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Asian Eye - Indian football still finding its feet

Next time you find yourself down in the dumps because your favourite team has failed to win the Champions League for the third straight year, or has only won the EPL this season, stop to count your lucky stars before you start your moaning.

Things could be worse – you could be an Indian football fan.

Every schoolchild could tell you that the average Indian couldn’t give two stuffs about football in a cricket-crazy nation. But the scale to which Indian football just plain sucks is astronomical. Case in point – India’s national team performance in the recent AFC Challenge Cup.

They finished bottom of their group, with a record of played 3, lost 3, goals scored 0, goals against 8. Their opponents in the group – Tajikistan, Phillipines and North Korea.

The population of the entire nation of FIFA-ranked 145th Tajikistan is equal to that of a minor city in India. Yet the Tajik side still beat India comfortably, and would undoubtedly beat them again if they played them again tomorrow.

Fans of stats would point out that India has actually qualified for a World Cup. This is true. The history books show that India qualified for the 1950 event in Brazil.

Couldn’t afford the flights

They also record, however, that the Indians only qualified for the event after every single one of their possible opponents withdrew from the qualification process. And to make matters worse – India never turned up for Brazil 1950 – they couldn’t afford the plane tickets, didn’t have time to practice, and, famously, FIFA wouldn’t let them play barefoot.

Despite some early success in the nascent Asia-wide competitions, winning gold in 1950 and 1962 Asian Games competitions, and finishing as runners-up in the 1964 Asian Cup, they have been ragged ever since. And this is a trend that has persisted right through to the present day.

Since reaching the final of the 1964 competition, they have only managed to qualify again twice. More embarrassing still, they are yet to win a game in the Asian Cup since 1964.

But now, further humiliation awaits on a club level. India’s two entrants to the 2012 version of the AFC Cup look like they will be bowing out at the very first stage of Asia’s second-string competition.

The AFC Cup is a poor cousin to the AFC Champions League, and only countries from what the AFC considers to be “developing nations” in terms of football can qualify.

But a decent performance in this competition can guarantee qualification for the President’s Cup, which is considered a fairly decent piece of silverwear in Asia.

India’s two representatives in the competition this year, East Bengal and Salgoacar both sunk like stones last Wednesday, the former turned over at home by Iraqi outfit Arbil. Salgoacar, meanwhile, endured a torrid visit to Jordan, where Al Wehdat brushed them aside 5-0. The results leaves both teams rock bottom of their groups.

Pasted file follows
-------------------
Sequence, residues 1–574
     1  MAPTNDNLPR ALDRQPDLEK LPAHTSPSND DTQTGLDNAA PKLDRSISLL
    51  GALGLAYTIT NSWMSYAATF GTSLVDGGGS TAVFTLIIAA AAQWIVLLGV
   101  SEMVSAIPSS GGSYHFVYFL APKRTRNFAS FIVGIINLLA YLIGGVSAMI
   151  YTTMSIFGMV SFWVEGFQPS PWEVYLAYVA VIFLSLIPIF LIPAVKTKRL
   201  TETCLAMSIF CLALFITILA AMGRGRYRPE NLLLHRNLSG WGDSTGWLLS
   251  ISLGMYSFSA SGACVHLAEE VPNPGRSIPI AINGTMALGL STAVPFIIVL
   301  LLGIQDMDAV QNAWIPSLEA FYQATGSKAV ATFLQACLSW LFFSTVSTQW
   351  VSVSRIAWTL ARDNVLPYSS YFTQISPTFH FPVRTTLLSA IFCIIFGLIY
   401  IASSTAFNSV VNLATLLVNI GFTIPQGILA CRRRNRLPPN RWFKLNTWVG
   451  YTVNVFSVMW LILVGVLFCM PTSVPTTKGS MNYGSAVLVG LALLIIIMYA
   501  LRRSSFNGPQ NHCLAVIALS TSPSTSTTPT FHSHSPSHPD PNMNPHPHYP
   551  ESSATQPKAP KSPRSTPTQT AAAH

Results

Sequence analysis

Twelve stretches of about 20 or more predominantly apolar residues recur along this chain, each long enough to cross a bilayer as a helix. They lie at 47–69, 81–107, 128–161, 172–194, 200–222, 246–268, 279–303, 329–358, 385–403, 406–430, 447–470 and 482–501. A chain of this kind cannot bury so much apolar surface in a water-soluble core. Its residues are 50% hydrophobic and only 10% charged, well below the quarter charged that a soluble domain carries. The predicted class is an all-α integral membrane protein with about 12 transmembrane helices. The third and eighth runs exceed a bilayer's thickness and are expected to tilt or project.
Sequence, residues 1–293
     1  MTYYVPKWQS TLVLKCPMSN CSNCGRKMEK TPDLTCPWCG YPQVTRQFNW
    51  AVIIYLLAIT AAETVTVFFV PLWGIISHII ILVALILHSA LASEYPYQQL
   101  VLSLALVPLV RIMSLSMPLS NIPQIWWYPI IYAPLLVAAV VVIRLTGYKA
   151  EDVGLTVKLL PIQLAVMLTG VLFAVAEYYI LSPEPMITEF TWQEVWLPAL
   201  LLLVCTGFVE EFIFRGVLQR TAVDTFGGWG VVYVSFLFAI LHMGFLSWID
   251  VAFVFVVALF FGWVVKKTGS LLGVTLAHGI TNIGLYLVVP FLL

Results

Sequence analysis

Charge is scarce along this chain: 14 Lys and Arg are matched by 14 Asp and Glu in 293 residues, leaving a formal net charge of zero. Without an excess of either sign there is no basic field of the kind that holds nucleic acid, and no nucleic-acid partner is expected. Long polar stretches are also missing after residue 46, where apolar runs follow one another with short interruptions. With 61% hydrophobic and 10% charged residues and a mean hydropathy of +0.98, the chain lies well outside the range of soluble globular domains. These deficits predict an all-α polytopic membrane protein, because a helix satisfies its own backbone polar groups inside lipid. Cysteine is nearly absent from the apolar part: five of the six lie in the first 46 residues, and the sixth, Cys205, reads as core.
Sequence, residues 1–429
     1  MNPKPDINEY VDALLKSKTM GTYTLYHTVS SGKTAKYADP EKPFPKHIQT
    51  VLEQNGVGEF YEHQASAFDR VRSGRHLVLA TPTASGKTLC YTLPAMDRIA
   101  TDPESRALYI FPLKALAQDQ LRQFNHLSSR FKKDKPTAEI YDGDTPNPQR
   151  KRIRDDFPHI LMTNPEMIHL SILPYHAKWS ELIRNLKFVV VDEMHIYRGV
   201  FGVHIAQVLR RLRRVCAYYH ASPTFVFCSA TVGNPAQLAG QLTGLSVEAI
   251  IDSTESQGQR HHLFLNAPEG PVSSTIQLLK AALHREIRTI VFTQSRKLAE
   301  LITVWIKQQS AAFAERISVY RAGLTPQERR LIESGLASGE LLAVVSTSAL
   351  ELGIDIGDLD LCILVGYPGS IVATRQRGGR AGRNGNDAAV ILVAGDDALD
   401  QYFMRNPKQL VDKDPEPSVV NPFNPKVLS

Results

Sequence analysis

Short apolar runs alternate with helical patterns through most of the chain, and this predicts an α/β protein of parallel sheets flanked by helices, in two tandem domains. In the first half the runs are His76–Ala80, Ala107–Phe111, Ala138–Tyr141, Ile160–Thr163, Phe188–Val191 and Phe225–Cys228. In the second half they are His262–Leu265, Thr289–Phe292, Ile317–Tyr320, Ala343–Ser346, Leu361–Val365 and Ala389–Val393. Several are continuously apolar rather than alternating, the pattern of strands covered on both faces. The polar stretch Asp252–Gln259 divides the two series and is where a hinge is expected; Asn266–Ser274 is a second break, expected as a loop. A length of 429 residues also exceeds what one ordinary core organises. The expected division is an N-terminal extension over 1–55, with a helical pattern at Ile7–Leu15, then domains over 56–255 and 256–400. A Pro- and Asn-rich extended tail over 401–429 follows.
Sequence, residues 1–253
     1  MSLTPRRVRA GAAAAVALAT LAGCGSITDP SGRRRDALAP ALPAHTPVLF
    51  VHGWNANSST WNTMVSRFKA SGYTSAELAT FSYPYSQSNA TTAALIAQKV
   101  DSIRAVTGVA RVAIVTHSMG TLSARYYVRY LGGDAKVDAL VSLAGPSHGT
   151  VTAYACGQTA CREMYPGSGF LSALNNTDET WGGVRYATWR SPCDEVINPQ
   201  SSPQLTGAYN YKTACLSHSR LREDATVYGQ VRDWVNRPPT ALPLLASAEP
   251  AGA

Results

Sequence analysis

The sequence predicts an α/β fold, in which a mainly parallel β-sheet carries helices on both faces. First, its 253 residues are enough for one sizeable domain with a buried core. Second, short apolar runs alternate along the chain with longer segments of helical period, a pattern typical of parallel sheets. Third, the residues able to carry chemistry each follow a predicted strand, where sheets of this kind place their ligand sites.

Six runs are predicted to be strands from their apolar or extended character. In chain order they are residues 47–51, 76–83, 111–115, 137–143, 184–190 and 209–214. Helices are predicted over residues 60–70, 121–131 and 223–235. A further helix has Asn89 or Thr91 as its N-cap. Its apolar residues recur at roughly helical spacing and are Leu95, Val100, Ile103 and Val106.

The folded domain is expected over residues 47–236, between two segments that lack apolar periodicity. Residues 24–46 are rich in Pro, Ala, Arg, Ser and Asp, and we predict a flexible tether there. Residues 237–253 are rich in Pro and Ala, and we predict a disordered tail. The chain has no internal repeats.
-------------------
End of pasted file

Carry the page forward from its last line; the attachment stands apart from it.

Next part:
For hapless East Bengal, the game seems to be up, they are still to score a single point in the competition. Salgoacar, meanwhile, can still retain the slimmest of hopes, but would probably need to get a win at unbeaten Uzbek side Naftchi Far’gona in order to progress. With Naftchi in excellent form, having won their last two games, that looks like a very tall order.

Hard to get optimistic

It is hard to get optimistic about Indian football. But the only thing football fans on the subcontinent can do is hope that brighter days are not too far away.

2012’s Challenge Cup was a disaster, and it seems Indian club sides are still struggling to make an impact on AFC competitions, but last year did see India break one bit of hoodoo. The three goals that India scored in the 2011 Asian Cup marked the first time the side had found the back of the net in a major competition since the sixties.

There are also a few players who may develop into potential future stars for India – FC Pune goalkeeper Subrata Pal is only 25, yet already has over 40 caps for his country, and has acquired a reputation as a Pepe Reina-style penalty stopper.

He has also been vocal about his desires to make a move to the top leagues in South Korea, Japan or Australia, though no major sides have yet made a move for him.

The I-League also houses another precocious young talent, 19 year-old Air India striker Manandeep Singh, who has scored 8 goals in 11 games for his club, and has already been called up to the national team.

However, for the main, Indian football remains an enigma. The world’s biggest democracy has its fair share of football fans, but it remains the most colossal of underachievers on both the International and the domestic scenes. So as exasperated as you may be with your team of choice, remember – it could be worse, you could be cheering for India.

By Tim Alper

Tim Alper writes for South Korea’s leading football monthly, Best Eleven


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